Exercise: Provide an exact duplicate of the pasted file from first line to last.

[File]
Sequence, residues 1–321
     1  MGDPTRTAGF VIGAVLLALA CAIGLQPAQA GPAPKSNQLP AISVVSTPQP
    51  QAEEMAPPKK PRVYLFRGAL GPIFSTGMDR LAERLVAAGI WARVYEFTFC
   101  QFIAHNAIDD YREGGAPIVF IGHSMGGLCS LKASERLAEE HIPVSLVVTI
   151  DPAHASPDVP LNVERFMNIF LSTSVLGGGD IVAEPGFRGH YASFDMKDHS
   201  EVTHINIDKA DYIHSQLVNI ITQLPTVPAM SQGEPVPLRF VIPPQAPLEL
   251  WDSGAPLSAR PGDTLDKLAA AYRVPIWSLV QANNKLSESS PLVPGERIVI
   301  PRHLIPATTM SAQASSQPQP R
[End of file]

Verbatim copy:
Sequence, residues 1–321
     1  MGDPTRTAGF VIGAVLLALA CAIGLQPAQA GPAPKSNQLP AISVVSTPQP
    51  QAEEMAPPKK PRVYLFRGAL GPIFSTGMDR LAERLVAAGI WARVYEFTFC
   101  QFIAHNAIDD YREGGAPIVF IGHSMGGLCS LKASERLAEE HIPVSLVVTI
   151  DPAHASPDVP LNVERFMNIF LSTSVLGGGD IVAEPGFRGH YASFDMKDHS
   201  EVTHINIDKA DYIHSQLVNI ITQLPTVPAM SQGEPVPLRF VIPPQAPLEL
   251  WDSGAPLSAR PGDTLDKLAA AYRVPIWSLV QANNKLSESS PLVPGERIVI
   301  PRHLIPATTM SAQASSQPQP R